It will take me a while to get over the deplorable state of African soccer. The most embarrassing were Cameroon and Ghana, especially Ghana which exposed the rotten and corrupt nature of the management. Well, they say that FIFA is ‘investigating’ the alleged match fixing story involving the Ghanaian coach and some soccer investors. Then the fight between a Ghanaian player and the GFA representative. I hear Hollywood is planning a movie about the Ghanaian incidence. I am a bit depressed now and I will need a couple of days to recover. The consolation I take from the world cup so far is that at least Algeria did not go out without a fight. Yes, they gave the Germans a massive fight. Way to go, Algeria!!
I suspect I am the only one who is feeling disheartened about the “football” that the teams from the African continent have put on display at this year’s World Cup. It is possible, highly possible, in my view, that by the end of today, there will be no African team left in the tournament. It was Cameroon, then Ivory Coast (my hope for glory), then Ghana (my country of birth) , now Nigeria (the champions of Africa and the home country of some of my best friends in the world) . Could Algeria be motivated by the memory of 1982 to beat Germany this evening and protect the image and integrity of “African football”? But, it is another African team, and I am not too hopeful, but remain prayerful.
Might we begin concluding that “African football”, for want of a better description, is at a very low state, if one compares what Mexico, Colombia, and Costa Rica put on display and what the African national teams have so far presented. Many of the non-African teams make good use of their corner kicks, but the African teams mess up theirs and even concede goals from them. Remember Ghana? And, today, Nigeria.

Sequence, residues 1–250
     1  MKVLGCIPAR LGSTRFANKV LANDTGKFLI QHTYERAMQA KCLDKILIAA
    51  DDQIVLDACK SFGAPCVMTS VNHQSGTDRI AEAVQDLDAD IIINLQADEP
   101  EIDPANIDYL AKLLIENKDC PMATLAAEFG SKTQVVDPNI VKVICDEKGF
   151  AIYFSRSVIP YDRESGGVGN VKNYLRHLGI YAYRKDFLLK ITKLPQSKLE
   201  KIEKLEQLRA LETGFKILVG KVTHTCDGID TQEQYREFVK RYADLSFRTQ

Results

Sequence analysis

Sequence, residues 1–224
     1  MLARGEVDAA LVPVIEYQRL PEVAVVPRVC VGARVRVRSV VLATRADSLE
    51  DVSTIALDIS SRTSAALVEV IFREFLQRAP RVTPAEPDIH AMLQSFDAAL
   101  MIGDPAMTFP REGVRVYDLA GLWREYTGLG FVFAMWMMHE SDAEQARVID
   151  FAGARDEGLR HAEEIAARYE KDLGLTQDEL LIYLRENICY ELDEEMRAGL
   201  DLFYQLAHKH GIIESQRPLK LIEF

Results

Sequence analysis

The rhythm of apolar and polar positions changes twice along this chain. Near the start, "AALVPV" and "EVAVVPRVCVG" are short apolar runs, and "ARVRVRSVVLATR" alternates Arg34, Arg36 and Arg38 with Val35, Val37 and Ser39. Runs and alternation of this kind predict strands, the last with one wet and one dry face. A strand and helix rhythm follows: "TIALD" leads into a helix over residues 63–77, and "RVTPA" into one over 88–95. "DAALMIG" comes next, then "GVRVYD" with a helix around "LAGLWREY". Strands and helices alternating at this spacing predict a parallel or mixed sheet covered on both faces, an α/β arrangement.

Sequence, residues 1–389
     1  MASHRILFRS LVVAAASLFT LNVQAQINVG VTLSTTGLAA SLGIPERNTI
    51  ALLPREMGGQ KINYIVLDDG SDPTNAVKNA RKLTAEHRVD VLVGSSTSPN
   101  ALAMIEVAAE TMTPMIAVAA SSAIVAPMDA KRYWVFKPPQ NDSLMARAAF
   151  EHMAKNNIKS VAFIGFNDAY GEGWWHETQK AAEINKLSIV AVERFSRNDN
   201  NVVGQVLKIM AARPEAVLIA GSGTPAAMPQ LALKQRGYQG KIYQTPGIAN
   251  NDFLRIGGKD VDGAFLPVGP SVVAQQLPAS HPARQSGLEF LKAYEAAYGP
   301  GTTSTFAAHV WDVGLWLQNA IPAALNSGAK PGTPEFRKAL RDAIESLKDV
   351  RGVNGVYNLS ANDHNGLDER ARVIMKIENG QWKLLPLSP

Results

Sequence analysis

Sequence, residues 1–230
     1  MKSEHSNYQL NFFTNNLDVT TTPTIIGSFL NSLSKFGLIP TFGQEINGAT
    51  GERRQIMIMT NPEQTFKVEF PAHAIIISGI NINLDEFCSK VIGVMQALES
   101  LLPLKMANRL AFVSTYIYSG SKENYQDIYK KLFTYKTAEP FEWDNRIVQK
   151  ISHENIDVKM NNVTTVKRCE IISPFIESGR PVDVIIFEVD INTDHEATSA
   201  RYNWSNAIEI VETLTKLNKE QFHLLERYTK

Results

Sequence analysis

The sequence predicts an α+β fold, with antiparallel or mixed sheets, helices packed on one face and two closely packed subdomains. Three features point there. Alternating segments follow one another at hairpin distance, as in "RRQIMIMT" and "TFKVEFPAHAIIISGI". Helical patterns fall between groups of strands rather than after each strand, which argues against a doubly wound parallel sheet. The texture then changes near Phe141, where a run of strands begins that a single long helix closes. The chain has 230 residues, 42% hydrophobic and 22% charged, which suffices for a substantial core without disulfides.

I do not receive the thousands of dollars that these players get from “appearance fees.” As a spectator of African descent, my compensation is the emotional outcome of watching the teams from my heritage site. When they win, my spirits are high, and when they put out the product that I have seen, so far, it makes me wonder whether, from a comparative global soccer perspective, the state of football in Africa or the conditioning of African teams in global sports have hit the lowest of the low. Don’t tell me Spain is out, England is out, Italy is out. For me , and the emotions of the sport, the African national teams deserve national reevaluation of what they produced in Brazil. There is something sorely lacking in African football.
This tournament is also a crucible for forging proud identities, making bold statements, and lifting up spirits. I was alive when Italia 90 came and passed, and all the African students I knew in my little corner in Canada felt very Cameroonian, whether they came from Ghana, Sierra Leone, Zambia or elsewhere on the continent. This year, I have never felt so spent in spirit as I watch the African teams wilt and wither.
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